By Dani Moritz-Long
In sixth grade reading class, few of us selected literary masterpieces for our book reports based on the caliber of an author’s writing or our passionate interest in a novel’s themes and narratives. On the contrary, most of us quickly counted the pages of available books or defaulted to a novel we had read over the summer.
Courtney Demings, now a coordinator, program advisor, wasn’t much different. Recalling her sixth grade book report selection process, Courtney says she chose Martin Luther King, Jr. for her book report topic, but not because of a genuine desire to learn more about him or a deep-set appreciation of the movement he’s famous for. In actuality, Courtney explained, she chose Dr. King because she thought it would be an easy task to regurgitate historical facts and analyze his well-known “I Have a Dream” speech. What she discovered, however, was inspiration and a passion that would change the course of her life.
“By the end of sixth grade, I believe I read 20 to 30 books on his life,” she recalled. “His leadership, quiet spirit and love for people captivated me.”
This interest continued and followed Courtney into her adulthood. She expanded her studies to include his wife and co-laborer, Coretta Scott King, Ambassador Andrew Young, Reverend Ralph Abernathy, and she found opportunities to share her research and passion with others.
In March 2018, she joined her aunt on a civil rights pilgrimage. Led by civil rights icon and leader Congressman John Lewis, she and others traced Martin Luther King, Jr.’s steps from the Mason Temple in Memphis, Tennessee, to the Lorraine Motel, where Dr. King was assassinated in 1968.
“There were students, athletes, business leaders and civil rights leaders engrossed in this experience,” Courtney said. “It changed my life. For the young girl who lived and breathed books on the civil rights movement, it was a dream.”
Recalling one particularly powerful experience, Courtney said, “In Dexter Avenue King Memorial Baptist Church, a gentleman, John Suttles, and his wife sat next to my aunt and me. My aunt introduced me to the couple. During our introduction, I found out that this man was beaten on the Edmund Pettus Bridge on March 7, 1965, on Bloody Sunday. As we were leaving the sanctuary, Mrs. Suttles turned to me and said, ‘You’re my future. I’m depending on you.’ I have to admit that I was shocked and unsure of what to say at this moment. Mrs. Suttles gave me a charge, a call to action. It was an honor to be surrounded by giants of humanity, people who bled, sacrificed, marched for millions of individuals that they would never meet. Such a pilgrimage is awe-inspiring and life changing! I desire to live up to Mrs. Suttles’ call and make a difference in society for the betterment of humanity.”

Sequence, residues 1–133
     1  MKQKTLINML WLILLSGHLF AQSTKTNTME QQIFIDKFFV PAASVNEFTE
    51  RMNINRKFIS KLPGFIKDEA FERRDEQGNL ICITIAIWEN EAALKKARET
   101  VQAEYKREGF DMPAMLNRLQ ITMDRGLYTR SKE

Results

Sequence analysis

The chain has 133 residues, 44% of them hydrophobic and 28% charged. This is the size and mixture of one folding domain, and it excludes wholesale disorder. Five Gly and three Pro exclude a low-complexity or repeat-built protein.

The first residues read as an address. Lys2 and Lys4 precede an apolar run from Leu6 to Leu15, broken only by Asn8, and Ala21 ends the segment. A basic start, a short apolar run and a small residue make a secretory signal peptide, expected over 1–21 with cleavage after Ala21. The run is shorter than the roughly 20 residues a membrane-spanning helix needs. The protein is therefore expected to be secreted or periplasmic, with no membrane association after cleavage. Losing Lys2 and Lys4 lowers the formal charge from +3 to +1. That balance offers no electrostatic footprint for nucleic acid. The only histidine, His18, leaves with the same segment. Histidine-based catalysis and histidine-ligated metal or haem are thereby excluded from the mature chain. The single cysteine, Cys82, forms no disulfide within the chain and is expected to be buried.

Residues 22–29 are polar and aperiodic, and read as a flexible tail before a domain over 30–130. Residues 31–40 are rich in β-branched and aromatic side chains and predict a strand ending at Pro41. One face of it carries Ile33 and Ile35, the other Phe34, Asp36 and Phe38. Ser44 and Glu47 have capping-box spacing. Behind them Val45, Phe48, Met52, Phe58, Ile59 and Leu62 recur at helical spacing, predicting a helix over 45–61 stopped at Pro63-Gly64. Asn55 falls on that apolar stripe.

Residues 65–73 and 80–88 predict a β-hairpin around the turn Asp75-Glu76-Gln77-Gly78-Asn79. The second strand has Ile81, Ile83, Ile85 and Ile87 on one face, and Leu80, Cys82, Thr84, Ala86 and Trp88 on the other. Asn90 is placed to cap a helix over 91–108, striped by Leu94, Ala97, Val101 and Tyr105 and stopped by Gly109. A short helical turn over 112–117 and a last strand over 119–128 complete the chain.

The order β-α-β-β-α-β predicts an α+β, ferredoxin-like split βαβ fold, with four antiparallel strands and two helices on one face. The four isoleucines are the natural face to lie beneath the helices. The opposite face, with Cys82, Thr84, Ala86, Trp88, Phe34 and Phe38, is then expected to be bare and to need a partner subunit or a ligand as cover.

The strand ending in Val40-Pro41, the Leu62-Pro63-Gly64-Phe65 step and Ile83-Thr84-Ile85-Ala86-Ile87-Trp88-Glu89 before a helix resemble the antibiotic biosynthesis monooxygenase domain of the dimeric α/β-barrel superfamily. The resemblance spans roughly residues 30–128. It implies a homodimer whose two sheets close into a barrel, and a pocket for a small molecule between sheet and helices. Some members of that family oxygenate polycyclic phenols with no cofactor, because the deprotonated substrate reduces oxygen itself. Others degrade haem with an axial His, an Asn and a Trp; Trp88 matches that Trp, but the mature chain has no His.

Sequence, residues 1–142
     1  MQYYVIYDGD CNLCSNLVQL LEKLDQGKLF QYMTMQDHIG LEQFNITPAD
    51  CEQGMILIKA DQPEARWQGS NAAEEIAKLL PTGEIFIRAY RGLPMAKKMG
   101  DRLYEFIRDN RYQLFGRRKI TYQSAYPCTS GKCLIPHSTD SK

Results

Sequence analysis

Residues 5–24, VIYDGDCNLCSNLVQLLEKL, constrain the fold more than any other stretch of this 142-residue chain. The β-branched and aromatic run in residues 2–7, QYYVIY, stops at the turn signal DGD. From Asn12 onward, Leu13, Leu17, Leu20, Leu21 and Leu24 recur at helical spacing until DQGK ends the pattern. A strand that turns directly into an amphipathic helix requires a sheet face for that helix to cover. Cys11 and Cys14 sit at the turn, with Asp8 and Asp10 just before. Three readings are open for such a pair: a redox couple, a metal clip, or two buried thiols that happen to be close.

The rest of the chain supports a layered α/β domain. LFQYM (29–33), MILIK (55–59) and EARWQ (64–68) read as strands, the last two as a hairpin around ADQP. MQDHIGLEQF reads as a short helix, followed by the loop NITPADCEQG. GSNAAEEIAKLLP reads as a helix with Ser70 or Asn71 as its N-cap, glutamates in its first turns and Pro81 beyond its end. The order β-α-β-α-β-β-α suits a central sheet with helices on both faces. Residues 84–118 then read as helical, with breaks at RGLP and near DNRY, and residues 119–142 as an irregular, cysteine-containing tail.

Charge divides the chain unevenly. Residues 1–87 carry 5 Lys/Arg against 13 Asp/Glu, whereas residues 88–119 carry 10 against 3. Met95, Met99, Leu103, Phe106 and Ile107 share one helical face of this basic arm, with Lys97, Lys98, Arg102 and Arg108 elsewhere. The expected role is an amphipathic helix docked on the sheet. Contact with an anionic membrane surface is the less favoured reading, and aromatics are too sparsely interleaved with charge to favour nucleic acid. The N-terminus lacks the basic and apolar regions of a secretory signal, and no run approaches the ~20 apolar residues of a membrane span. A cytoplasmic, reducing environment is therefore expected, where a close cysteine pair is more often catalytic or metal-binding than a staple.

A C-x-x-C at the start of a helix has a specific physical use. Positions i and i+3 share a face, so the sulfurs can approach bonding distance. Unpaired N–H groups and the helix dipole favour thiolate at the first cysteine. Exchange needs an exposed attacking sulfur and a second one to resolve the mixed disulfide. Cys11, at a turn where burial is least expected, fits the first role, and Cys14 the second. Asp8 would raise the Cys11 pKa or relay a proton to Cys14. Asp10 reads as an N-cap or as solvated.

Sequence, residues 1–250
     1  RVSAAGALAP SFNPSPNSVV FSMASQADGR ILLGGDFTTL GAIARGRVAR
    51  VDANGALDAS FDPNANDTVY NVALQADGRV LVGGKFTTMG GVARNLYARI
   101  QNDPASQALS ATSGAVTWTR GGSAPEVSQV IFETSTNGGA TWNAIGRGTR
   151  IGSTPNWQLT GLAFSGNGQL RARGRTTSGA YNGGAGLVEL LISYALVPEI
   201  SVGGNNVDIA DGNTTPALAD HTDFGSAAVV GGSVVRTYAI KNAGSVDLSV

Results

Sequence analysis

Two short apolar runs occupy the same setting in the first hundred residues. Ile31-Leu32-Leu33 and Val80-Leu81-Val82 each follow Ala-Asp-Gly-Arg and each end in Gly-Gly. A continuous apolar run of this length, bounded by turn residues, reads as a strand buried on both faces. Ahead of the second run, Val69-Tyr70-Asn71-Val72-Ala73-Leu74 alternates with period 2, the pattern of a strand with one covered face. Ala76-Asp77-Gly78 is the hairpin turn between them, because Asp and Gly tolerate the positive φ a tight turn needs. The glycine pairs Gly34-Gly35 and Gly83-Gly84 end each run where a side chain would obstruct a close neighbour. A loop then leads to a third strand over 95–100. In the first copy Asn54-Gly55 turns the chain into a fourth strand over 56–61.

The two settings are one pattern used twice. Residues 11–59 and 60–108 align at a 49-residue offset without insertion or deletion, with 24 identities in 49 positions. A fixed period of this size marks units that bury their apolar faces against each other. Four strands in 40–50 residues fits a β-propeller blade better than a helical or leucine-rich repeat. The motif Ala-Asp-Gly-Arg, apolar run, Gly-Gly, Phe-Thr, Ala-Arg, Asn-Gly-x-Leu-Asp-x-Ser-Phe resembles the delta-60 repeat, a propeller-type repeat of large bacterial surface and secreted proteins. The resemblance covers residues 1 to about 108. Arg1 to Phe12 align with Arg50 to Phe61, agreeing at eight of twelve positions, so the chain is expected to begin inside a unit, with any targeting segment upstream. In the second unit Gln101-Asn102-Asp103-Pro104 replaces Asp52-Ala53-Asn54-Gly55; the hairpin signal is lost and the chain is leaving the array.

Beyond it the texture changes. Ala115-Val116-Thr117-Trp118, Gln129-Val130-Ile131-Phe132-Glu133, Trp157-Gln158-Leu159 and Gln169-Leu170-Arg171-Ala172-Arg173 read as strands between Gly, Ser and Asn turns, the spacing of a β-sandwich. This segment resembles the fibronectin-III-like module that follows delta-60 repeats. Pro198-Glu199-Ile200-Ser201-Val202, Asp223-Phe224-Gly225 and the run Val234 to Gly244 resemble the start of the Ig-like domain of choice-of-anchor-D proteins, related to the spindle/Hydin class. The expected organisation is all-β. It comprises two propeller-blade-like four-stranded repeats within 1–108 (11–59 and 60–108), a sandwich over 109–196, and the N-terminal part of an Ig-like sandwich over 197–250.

One way she’s answering this call is by changing lives at Valencia — an institution devoted to equity, access, diversity and inclusion.
Specifically, Courtney, who has a bachelor’s degree in English and a master’s degree in educational leadership, changes lives for West Campus students studying engineering by building bridges from Valencia to the University of Central Florida. Through this role, she participates in developmental advising and creates campus events and other opportunities to help students refine their skills and develop academic and career pathways.
She also channels her commitment to inclusion by developing workshops, like Seeing and Being, Finding Value in the Workplace.
“Our department is actively engaged in the concept of building morale,” she said. “I think that building morale can also emerge as a deeper exercise within a department. At the core of building morale is value, validation and acknowledgment. It’s a way of saying, seeing and being. It’s a way of saying the South African expression, Sawubona — the acknowledgment is that we see each other. Orland Bishop, founder and director of the Shade Tree Multicultural Foundation in Los Angeles shared this quote in the Global Oneness Project, Sawubona video, ‘That becomes an agreement … Seeing has empowered us to investigate our mutual potential for life.'”
Overall, Courtney explains, she finds inspiration for her work in her ability to serve and make a difference in the lives of students. Perhaps more aptly put, Courtney finds inspiration in the realization of dreams.
“I am always amazed by our students resiliency and humbled by their stories,” she said. “I meet students who have relocated to the United States from other countries and successfully acclimated to our higher education system. I meet parents who are working full time and pursuing a degree. I’ve met a stay-at-home mom who is coming back to Valencia after 15 years of not being enrolled in school. Our students are dreamers, achievers and, yes, overcomers. Their drive inspires me to continue to pursue excellence in my career, education and life.”
Commenting on her ability and passion, Assistant Director of Advising Lynn Desjarlais said, “I am always impressed with Courtney’s ability to make a student feel like that they are the top priority when meeting with her. Courtney is always looking for creative ways to help students navigate difficult educational situations with compassion and empathy. Courtney works hard to ensure that the information that she is providing to students is in alignment with information from the University of Central Florida. Her ability to make connections with faculty, staff and students strengthen her knowledge base making her an expert on the West Campus and within her division. Courtney is an incredible asset to the program advisor team.”
Know of someone who embodies one of Valencia’s values (learning, people, diversity, access or integrity), who has been an employee for at least one year? Send the colleague’s name to us at The_Grove@valenciacollege.edu. He or she might be one of our featured colleagues, subject to supervisor’s approval.